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FOWA: Turn Your App into a Business

Filed under: All Articles > Your Business
By: NMK Created on: October 8th, 2007
Bookmark this article with: Delicious Digg StumbleUpon

Ted Rheingold, the founder of the Dogster and Catster social sites for pet owners, advised delegates at the Future of Web Apps on the teething pains that attend turning a simple gimmick or tool on the web into a full-time job.

rheingoldDogster and Catster were born from a very simple idea: they’d let people make websites for their pets. Going from that to a business seems to be an incredibly complicated step. People start talking about the need to have a logo, a business plan, premises, a stock program, a launch party, titles, etc. etc. But, Rheingold maintained, only one thing actually matters: generating revenue.

In this Web 2.0 era, there’s lots of talk about new business models but the truth is that there is no new economy. At heart, dogster and catster, for all their social media credentials, are very similar to magazines. They make money by selling advertising, from subscriptions and from merchandising. This is a very old type of business. Nearly all web businesses are the same, to a greater or lesser extent. While web businesses might be able to disrupt some existing markets, they are not inventing a new economy.

This means that you have to do what normal businesses do. One of the most important of these is to learn your market. Rheingold attempted to introduce classified sections to his sites for several years. But it emerged that the users didn’t want to buy or sell that way. He advised developers never to get emotionally attached to a particular feature. If users don’t want it, then it should be changed or removed.

Web entrepreneurs are often working on their own, and it’s very important for them to get advice. People within your industry can often understand best what it is you are trying to do, but people who are not - people whose experience and skill-set is very different to your own - can often provide the most significant insights.

It’s important for web entrepreneurs to learn business finance, something that they often seem loathe to do. You need to be able to understand your bank statement, and also to learn the basics of forecasting revenue and expenditure. Rheingold quoted a Silicon Valley VC, who said "if a dollar falls into a toilet, dive after it." Spend as little money as possible. There are lots of things that you don’t really need until your business is making substantial profits. The launch party and bespoke suits can wait until later. If you get venture funding, it can be hard to remember this, but the significant number of web businesses that have run out of money before their revenues could make them self-sufficient shows that this is a bad mistake.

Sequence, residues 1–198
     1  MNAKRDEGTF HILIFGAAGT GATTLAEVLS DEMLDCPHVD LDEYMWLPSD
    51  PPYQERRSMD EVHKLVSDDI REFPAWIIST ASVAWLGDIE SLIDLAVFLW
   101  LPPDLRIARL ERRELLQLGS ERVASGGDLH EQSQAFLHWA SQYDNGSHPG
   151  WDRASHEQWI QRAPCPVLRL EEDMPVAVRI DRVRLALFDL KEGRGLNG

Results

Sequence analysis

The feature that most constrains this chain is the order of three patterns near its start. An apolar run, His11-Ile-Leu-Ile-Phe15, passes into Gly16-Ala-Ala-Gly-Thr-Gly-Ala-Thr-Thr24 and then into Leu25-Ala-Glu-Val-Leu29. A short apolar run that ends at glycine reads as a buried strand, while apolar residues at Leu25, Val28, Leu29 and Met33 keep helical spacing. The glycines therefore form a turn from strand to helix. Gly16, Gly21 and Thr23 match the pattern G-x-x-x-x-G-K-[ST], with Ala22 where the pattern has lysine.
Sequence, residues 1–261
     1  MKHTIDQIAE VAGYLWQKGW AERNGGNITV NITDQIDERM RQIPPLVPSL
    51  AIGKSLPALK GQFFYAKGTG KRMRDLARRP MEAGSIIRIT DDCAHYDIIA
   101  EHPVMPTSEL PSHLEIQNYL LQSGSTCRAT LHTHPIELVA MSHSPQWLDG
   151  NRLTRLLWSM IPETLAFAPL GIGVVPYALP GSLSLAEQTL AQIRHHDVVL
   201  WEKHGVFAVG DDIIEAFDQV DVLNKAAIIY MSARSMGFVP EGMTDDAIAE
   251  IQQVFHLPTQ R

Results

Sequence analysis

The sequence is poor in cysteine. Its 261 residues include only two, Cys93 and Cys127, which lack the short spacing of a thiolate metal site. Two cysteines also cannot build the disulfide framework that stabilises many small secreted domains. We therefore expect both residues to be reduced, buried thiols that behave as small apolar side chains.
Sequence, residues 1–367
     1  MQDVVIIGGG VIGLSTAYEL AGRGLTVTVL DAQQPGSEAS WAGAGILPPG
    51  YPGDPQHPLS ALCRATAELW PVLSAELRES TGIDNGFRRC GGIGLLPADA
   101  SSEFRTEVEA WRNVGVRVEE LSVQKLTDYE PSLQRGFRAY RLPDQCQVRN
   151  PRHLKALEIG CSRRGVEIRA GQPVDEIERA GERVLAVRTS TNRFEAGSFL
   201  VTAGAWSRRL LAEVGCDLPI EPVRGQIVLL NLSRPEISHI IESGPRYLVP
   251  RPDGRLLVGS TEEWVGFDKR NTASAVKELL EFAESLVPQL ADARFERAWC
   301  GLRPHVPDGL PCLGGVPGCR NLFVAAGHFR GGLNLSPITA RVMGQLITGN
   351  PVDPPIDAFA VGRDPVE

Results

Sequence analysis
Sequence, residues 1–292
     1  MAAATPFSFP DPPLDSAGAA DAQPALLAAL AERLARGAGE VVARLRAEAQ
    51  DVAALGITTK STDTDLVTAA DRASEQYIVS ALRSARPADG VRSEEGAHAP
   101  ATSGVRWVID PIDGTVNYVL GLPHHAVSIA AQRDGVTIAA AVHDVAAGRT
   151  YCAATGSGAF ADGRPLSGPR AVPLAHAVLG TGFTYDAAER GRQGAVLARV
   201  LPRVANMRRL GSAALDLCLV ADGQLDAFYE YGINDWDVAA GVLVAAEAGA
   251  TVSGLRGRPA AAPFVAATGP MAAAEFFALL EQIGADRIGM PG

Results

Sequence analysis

A web business should be selling for 80% of the time. This is often alien for developers and designers and may mean that they’re not actually well cut-out for creating such an enterprise. If this is the case, then you should consider getting a business partner who is more commercially minded. It’s possible to hire salespeople, but a business partner will have more commitment and passion. Apparently, there are statistics to show that businesses started by two people are significantly more likely to survive than businesses started by a single individual. Ultimately, your web business needs to behave like a business if it is to remain one.

The Dogster and Catster sites receive 1.3mn visitors a month and sell advertising at $6cpm. In the questions, Rheingold revealed that one reason the sites have been successful is that they chose to sell their own advertising direct to pet supply companies and other clients. Rheingold said that he thinks it would have been very difficult to manage if they used a network such as Google AdSense to generate revenues. It might work if you have many millions of visitors each month, but that isn’t likely on niche sites like his. On the subject of hiring employees, Rheingold noted that this is very difficult for start-ups. The ups and downs of such a business might mean that you are faced with the prospect of laying them off again after a few months. Also, the existence of a team means that your time isn’t necessarily freed up by their existence. You have become a manager in addition to the development, design and customer service jobs you already had. Employees take as well as give.

Picture credit: Stephanie Booth

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